Feeding value of corn grain from different origins


Corn is the cereal grain most widely used as an energy feedstuff for livestock. It has been traditionally a quite homogeneous, energy-dense feed ingredient with carbohydrates having the largest impact on its digestible energy. The reduction on the dependence on foreign oil enacted through the Energy Policy Act of 2005 led to the development of new hybrids, changing corn yield and composition with more bushels per acre and more starch per bushel. Despite this, corn is still sold exclusively by weight and and/or volume

While some research has shown US corn to have more starch than that from other origins, it has not been quantified if these differences merit a differential price per ton. To assess this the nutrient composition of corn from three different origins was analyzed with special emphasis on energy.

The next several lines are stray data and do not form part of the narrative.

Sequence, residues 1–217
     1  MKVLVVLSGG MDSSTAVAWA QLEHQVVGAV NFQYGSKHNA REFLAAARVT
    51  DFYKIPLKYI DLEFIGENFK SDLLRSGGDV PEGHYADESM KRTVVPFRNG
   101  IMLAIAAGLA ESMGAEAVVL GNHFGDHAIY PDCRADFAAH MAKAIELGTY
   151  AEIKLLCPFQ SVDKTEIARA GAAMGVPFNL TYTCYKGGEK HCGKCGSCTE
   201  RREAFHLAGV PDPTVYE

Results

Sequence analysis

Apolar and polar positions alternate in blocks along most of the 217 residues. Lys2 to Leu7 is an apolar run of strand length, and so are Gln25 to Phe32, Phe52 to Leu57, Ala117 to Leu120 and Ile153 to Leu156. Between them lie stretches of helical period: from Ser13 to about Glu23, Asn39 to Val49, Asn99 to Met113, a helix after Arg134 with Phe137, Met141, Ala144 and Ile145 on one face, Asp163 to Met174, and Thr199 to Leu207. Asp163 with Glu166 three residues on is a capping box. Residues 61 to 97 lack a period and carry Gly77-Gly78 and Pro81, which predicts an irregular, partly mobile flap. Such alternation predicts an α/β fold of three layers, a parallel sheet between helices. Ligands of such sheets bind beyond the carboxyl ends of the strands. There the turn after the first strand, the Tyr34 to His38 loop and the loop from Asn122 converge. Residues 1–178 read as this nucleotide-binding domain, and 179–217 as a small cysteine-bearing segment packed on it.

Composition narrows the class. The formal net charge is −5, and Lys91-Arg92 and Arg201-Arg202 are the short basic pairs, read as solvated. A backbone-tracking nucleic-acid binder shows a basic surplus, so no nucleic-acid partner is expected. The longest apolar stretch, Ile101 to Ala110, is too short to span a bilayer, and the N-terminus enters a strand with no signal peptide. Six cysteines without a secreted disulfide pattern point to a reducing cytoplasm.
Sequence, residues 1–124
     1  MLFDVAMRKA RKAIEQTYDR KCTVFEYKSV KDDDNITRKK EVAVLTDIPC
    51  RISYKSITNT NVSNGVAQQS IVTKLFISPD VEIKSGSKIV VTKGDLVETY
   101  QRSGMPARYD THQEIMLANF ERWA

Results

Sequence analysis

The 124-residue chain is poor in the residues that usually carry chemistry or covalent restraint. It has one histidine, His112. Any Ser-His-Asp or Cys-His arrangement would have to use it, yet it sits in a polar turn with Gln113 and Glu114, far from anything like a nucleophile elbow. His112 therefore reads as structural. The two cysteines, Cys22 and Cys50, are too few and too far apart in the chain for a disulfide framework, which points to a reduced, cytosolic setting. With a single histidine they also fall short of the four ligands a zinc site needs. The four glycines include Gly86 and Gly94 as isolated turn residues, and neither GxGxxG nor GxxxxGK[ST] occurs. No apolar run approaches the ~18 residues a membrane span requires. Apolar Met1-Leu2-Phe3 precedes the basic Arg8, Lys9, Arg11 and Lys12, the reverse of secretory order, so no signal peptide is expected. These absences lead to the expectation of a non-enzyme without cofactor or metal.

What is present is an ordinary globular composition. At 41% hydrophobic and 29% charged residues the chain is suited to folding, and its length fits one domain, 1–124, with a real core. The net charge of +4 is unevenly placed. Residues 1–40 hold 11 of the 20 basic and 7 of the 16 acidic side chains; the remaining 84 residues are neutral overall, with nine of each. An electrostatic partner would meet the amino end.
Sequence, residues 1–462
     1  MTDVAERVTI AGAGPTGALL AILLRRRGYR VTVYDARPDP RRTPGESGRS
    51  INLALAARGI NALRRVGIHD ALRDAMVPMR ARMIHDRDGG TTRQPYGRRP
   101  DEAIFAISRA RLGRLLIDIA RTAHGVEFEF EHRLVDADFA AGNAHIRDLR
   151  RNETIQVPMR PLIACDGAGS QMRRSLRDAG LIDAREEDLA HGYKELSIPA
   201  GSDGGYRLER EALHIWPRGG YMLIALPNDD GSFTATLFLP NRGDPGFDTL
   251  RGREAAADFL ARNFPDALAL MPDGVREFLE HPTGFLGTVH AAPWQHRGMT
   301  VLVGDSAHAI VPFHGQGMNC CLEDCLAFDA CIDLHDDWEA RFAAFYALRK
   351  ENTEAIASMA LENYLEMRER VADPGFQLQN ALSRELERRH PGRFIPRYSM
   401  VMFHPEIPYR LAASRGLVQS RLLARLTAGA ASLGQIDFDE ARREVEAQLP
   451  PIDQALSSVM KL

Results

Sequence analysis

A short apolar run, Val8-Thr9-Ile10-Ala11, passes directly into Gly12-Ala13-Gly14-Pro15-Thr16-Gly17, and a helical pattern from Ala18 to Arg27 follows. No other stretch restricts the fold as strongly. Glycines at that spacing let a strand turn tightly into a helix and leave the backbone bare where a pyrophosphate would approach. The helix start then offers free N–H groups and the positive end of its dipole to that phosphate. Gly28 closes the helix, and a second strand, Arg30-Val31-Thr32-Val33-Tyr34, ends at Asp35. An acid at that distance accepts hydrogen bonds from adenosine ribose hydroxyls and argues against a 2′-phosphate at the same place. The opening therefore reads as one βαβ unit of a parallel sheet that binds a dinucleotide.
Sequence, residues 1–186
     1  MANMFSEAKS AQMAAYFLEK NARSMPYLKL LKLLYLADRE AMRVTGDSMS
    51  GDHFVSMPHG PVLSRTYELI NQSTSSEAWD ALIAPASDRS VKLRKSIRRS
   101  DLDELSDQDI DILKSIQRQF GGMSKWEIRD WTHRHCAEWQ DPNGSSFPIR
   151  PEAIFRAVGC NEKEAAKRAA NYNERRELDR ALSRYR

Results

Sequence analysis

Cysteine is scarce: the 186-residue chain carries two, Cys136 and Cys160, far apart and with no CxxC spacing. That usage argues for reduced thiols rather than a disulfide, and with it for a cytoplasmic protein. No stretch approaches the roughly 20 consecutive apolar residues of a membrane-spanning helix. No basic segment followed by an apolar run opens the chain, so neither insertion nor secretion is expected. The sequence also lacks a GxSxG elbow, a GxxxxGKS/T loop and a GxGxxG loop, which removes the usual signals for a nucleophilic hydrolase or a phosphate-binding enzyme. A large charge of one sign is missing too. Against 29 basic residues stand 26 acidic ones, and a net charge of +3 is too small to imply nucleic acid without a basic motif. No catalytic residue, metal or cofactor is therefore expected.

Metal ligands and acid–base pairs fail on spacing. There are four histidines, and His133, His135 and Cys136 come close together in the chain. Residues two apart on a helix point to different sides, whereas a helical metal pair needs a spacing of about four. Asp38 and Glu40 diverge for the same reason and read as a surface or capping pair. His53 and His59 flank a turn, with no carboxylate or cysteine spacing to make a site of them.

Corn shipments from Argentina, Brazil, and the US were sampled during 2020 at the destination ports of Mexico, Colombia, Japan, Vietnam, and Taiwan. Five sub-samples were obtained from different locations of the container directly from augers or belt throwers. Sub-samples were then composited into one sample identifying date, vessel, country of origin, and destination. Samples were then analyzed for broken corn and foreign material (BCFM), and mycotoxins.

Nutrient analyses included dry matter (DM), crude protein (CP), acid detergent insoluble crude protein (ADICP), soluble protein (SP), prolamin (PRO), vitreousness (VIT), acid detergent fiber (ADF), neutral detergent fiber (NDF), Starch (STA), ethanol soluble carbohydrates (ESC), water soluble carbohydrates (WSC), ether extract (EE), total fatty acids (TFA), non-fibrous carbohydrates (NFC), calcium (Ca), magnesium (Mg), phosphorus (P), potassium (K), and total digestible nutrients (TDN), and net energies (NE) of lactation, maintenance, and gain (NEL, NEm, and NEg, respectively).  A total of 75 samples were analyzed, 25 from each of the three countries.

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